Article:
Interior Design – University of the West of England, Stand VC25
“My project aims to empower the homeless and improve their lives whilst responding to our current cashless society through a cashless donation system. I worked with the charity Crisis over Christmas and spent time speaking to the homeless community. I feel the design industry can have a very powerful and positive impact on the current crisis of homelessness but it has to be done in the right way – without alienating them from the process so we’re fully responding to their requirements.”
Industrial/ Product Design – Loughborough University, Stand FP42
“I started my project with research into natural erosion, which then led specifically into looking at wind erosion. This helped inform the processes I took to create my collection of unique objects. I used a sand blaster to shape materials such as polysterene foam, utilising the blasters power to remove the cast – the colour of my objects are also a direct result of the sand blasters affect in the process. The textures on the other hand, were informed by my desire to use sustainable, natural and ethical materials, in this case food i.e. bread, cork, popcorn and rice crispies.
3D Design – University of Plymouth, Stand FP38
“For me my graphic design and zine project isn’t something I want people to just find cool or visually pleasing, but also for it to act as a visual representation they can relate to and critically engage with. Art and design can become a platform to tackle topics of identity, diversity and representation if we let it, and this is something I aim to do with my work. My project not only reflects my own character, but also looks to adding to the current movement of carving a contemporary and accessible space in art, and most critically, nurturing confidence back in it.”
Graphic Design – Nottingham Trent University, Stand VC9
“Energy wastage is an increasingly important issue in the UK today. My LUX light switch project aims to respond to this by creating two different types of switches, one sensory and one traditional. The sensory one has been developed to be used in frequently visited rooms i.e. the living room. Here, a radiation sensor combined with a light sensor detects whether someone is in the room, taking the control from the user. The second switch for less used rooms i.e. bedrooms has a traditional functionality, but designed to respond to symptoms of OCD where when switched on, appears disorderly – giving more reason for the user to switch off when not in use.”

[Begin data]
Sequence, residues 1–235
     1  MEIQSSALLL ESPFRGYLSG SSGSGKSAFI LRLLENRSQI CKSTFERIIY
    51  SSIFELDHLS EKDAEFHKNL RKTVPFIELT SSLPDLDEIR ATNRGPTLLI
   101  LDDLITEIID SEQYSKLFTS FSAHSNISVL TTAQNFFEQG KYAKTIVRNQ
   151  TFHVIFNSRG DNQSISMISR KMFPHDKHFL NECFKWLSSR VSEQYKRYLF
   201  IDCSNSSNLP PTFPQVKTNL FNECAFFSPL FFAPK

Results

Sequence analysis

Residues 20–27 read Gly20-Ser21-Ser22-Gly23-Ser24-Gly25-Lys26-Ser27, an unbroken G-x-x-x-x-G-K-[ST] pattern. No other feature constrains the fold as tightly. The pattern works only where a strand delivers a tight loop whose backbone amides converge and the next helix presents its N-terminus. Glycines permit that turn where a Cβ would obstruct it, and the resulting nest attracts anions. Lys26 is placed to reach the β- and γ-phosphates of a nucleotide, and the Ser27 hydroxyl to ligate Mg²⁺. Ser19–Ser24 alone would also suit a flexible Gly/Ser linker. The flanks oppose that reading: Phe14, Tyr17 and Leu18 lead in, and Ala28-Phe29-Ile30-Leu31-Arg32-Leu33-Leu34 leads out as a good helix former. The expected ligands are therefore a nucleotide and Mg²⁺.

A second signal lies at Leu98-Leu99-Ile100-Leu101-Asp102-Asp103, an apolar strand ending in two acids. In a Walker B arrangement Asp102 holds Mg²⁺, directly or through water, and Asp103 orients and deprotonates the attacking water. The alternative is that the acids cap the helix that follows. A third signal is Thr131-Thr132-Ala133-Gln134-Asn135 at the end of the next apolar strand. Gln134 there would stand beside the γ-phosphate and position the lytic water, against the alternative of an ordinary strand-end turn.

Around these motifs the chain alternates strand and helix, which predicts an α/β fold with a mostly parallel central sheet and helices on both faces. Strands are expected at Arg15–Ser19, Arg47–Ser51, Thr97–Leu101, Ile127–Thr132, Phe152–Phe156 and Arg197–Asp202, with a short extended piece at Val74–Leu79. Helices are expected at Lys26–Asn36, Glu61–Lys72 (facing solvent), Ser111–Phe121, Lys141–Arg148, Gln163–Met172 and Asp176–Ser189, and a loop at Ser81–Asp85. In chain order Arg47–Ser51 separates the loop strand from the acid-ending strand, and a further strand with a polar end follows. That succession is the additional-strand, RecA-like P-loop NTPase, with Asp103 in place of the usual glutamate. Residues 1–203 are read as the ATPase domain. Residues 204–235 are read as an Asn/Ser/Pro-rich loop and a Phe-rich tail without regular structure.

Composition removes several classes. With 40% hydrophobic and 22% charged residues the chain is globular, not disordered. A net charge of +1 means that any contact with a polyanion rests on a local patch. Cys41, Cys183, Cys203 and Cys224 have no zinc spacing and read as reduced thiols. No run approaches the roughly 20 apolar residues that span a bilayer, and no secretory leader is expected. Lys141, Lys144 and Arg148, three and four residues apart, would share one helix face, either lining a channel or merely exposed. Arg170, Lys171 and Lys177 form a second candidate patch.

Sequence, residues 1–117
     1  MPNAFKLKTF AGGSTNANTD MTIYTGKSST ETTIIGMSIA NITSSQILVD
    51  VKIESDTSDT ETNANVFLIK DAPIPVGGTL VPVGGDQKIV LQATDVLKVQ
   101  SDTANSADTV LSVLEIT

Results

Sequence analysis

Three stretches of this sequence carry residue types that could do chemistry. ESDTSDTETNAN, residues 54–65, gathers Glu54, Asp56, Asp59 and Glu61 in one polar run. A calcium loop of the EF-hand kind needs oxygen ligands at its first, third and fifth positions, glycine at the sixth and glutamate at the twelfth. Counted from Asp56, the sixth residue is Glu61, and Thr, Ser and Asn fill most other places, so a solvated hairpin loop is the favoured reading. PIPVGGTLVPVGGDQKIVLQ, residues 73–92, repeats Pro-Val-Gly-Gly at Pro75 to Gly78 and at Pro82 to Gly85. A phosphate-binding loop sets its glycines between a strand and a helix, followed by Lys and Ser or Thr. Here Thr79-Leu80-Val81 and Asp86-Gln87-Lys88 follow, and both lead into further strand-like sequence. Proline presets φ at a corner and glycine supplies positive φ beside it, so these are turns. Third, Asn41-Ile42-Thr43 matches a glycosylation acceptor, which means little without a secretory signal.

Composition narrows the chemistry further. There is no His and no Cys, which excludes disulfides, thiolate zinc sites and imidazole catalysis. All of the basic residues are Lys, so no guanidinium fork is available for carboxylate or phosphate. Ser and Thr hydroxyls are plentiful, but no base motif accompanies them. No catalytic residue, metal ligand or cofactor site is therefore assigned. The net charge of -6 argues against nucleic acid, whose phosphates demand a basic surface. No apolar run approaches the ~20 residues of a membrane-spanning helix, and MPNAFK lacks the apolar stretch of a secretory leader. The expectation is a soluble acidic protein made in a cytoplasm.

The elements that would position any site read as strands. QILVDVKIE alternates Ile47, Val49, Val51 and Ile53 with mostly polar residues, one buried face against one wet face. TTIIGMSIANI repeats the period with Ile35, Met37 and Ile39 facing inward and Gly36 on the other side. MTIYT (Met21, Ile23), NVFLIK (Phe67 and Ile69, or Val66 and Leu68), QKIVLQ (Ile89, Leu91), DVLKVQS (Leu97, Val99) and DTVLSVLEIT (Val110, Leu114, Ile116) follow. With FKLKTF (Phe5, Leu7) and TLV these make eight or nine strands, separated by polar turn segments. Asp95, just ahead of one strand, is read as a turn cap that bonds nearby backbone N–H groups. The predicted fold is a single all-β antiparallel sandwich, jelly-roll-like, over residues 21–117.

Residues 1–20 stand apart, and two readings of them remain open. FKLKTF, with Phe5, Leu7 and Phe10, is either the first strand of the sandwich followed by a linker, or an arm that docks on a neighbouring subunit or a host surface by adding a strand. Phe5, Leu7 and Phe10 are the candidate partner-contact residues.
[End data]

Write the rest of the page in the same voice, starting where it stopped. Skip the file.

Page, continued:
Product Design Engineering – Liverpool John Moores University, Stand FP86
“I work primarily in colour pencils; it’s their precise nature and ability to create such a vast range of textures that have always drawn me to them. My surface pattern work stemmed from an early project in my third year working with Siamese Fighting Fish drawings and experimenting with the application of pattern design. My final major project was inspired by the Orchids Festival held at Kew Gardens, celebrating the colour and vibrancy of Thailand, with the aim to create a series of intense patterns that were full of depth and detail. These patterns have been printed on lengths of satin and have been turned into cushions, dresses, gift wrap and stationery products to demonstrate the versatility of the designs.”
Illustration – Plymouth College of Art, Stand VC15